Why Quanterix Stock is Dropping Like a Rock
Last week’s news cycle was dominated by a headline that almost makes you shed a tear. No, we’re not talking about Jennette McCurdy finally revealing to the world why she doesn’t like Ariana Grande. We’re talking about the sheer beauty of DeepMind’s latest accomplishment – the ability to predict the structure of nearly all proteins found in nature.
It’s been just over a year since news broke of Deepmind’s ability to predict a protein’s 3D structure from its amino acid sequence. The day after that announcement, we published a piece on Quanterix Stock: A Way to Play the Proteomics Boom. Since then, shares of the life sciences company have fallen 70% with around 55% of that value lost today alone. Let’s start by looking at why investors rolled shares of Quanterix off a cliff. (The quotes used in this article come from the mediocre earnings call transcript provided by the Fool’s stoned NLP algorithms unless stated otherwise.)
Doing The COB Shuffle
The board of directors for any given company acts as the CEO’s boss which is why you should never have a chairman of the board (COB) who is also the company’s CEO. It’s an obvious conflict of interest. So, what does it mean when the CEO’s boss exits?
Our story starts in 2014 when Martin Madaus, the Executive Chairman of the Board at Quanterix at the time, handed over the reins to Kevin Hrusovsky. The reason for Martin’s departure was to take charge over at Orth-Clinical Diagnostics following their acquisition by Carlyle Group, though he remained on the Quanterix board over the years. Today, Madaus will resume his role as Chairman of the Board replacing Kevin Hrusovsky.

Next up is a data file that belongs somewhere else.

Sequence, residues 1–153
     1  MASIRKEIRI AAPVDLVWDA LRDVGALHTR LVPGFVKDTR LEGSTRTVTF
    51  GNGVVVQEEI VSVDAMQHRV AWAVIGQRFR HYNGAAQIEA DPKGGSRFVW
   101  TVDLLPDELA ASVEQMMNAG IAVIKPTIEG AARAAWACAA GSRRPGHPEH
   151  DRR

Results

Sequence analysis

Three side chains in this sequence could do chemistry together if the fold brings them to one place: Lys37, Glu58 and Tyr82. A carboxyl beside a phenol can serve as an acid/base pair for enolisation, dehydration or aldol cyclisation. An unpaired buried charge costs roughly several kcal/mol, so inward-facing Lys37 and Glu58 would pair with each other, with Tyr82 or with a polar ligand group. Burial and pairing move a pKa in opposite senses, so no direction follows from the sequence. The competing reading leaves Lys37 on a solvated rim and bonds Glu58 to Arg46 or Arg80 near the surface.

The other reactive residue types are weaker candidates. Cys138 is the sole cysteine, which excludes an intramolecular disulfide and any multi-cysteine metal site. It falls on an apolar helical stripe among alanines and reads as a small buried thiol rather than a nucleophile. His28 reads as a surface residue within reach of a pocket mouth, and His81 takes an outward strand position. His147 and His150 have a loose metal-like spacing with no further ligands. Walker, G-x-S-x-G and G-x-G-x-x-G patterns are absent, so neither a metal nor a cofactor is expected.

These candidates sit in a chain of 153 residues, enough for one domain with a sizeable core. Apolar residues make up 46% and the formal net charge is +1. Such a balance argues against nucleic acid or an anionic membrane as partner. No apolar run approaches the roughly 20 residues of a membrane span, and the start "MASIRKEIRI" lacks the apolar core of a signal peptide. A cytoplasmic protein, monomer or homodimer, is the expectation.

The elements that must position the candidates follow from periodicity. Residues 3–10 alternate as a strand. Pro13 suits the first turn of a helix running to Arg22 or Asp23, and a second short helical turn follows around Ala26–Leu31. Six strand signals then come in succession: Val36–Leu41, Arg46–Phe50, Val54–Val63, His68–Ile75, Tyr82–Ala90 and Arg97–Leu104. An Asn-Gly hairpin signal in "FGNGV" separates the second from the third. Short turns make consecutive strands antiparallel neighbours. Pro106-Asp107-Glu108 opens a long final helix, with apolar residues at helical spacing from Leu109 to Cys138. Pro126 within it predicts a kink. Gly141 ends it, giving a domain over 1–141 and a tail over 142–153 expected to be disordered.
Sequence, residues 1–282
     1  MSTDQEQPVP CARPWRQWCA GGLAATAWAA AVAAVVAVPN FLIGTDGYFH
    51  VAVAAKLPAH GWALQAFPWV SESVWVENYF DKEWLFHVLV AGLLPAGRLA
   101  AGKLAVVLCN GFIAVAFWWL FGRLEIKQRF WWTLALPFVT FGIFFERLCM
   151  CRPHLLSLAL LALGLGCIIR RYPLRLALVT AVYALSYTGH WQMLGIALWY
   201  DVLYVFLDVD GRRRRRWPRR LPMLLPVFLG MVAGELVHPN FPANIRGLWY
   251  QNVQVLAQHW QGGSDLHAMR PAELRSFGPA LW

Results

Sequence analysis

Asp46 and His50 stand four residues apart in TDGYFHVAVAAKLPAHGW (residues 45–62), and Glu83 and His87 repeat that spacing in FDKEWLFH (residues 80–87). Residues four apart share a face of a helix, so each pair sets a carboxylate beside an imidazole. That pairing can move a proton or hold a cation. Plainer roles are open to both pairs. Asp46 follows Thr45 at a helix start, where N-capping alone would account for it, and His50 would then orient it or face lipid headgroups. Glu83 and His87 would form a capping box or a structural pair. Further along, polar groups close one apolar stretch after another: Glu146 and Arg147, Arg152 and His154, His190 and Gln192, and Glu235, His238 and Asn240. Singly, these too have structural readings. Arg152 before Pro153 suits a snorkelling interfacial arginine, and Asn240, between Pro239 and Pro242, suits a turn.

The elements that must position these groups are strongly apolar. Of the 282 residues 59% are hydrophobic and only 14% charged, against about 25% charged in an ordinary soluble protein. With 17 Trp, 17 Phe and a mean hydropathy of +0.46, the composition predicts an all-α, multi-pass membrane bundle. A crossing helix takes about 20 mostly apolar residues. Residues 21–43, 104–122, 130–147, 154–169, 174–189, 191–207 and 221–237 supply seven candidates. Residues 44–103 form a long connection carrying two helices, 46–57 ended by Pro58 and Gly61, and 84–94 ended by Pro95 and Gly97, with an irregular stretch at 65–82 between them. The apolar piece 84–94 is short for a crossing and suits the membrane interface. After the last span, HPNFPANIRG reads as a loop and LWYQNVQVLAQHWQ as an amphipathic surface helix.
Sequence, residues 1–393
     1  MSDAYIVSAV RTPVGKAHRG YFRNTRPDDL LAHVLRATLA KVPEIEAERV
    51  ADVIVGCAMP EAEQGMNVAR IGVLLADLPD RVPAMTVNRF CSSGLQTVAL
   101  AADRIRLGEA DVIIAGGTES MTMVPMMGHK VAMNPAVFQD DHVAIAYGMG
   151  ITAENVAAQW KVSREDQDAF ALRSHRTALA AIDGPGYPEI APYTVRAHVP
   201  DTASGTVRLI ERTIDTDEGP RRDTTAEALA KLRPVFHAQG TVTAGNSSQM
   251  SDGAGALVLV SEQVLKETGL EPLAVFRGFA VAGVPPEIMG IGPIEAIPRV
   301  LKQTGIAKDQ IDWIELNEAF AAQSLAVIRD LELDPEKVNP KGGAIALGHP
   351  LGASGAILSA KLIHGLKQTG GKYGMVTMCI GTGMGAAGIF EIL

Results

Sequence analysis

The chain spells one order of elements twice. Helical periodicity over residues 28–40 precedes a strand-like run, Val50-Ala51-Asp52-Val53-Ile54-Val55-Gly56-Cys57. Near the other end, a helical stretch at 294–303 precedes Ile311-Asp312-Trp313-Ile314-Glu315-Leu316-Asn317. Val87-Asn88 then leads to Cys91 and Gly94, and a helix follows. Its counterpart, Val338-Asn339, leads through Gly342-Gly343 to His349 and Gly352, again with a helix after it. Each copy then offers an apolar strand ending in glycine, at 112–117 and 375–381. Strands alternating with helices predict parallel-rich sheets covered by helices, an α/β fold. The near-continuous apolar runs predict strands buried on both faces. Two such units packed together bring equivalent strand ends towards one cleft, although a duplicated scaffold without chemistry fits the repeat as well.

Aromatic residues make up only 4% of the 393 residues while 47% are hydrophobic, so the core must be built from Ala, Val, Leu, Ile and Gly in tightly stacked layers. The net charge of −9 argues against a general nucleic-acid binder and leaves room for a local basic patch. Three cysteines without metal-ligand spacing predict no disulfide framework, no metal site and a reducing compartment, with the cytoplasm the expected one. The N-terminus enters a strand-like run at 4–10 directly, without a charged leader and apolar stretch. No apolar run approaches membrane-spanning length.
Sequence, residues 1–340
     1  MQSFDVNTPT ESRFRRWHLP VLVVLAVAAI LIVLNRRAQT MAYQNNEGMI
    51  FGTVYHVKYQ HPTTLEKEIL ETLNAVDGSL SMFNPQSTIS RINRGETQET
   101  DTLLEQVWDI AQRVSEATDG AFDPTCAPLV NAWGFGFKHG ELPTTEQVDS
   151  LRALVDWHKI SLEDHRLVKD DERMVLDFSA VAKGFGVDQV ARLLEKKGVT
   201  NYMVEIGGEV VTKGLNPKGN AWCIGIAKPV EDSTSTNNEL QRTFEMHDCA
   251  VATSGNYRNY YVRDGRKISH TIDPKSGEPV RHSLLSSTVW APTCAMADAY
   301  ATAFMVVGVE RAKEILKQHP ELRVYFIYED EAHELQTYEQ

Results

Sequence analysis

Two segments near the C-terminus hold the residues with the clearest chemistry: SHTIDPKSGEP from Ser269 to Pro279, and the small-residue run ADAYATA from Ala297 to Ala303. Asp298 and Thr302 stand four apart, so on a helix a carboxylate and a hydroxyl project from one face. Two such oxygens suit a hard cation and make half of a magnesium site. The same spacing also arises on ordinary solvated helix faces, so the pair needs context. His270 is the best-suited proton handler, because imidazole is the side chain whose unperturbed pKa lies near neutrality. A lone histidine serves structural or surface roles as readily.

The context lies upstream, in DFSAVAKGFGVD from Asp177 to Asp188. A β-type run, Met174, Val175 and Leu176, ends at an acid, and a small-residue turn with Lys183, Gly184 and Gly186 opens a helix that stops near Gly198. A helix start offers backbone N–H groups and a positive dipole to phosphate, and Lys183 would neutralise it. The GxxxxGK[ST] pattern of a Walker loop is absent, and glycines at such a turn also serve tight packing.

Mr. Hrusovsky has served as the Chairman of Quanterix’ Board of Directors (the “Board”) since June 2014 and as Quanterix’ President and Chief Executive Officer from January 2015 until April 25, 2022, when he was appointed Executive Chairman of the Board as part of its leadership succession plan.Credit: Company Press Release
This helps explain why something perceived as a promotion would have happened following a resignation less than three months later. We see Mr. Hrusovsky exit gracefully while making it all sound part of the master plan:
I am thankful to have helped establish the potential to impact human health at Quanterix. Given Masoud’s transition into the role of CEO, now is the time for the evolution of board roles to support future growth.Credit: Company Press Release
Yes, some evolution would be great to see now that the share price has been absolutely decimated because of quality problems that emerged on your clock Mr. Hrusovsky.
The current CEO – Masoud Toloue – arrived on the scene in May 2021 when he assumed the position of President of Quanterix and Diagnostics to “oversee Quanterix’ growing diagnostics business and assume responsibility for the Company’s Accelerator Lab Services, strategic partnerships and corporate development.” The Accelerator Lab Services segment is about the only place Quanterix is achieving growth and it’s coincidentally focused on quality.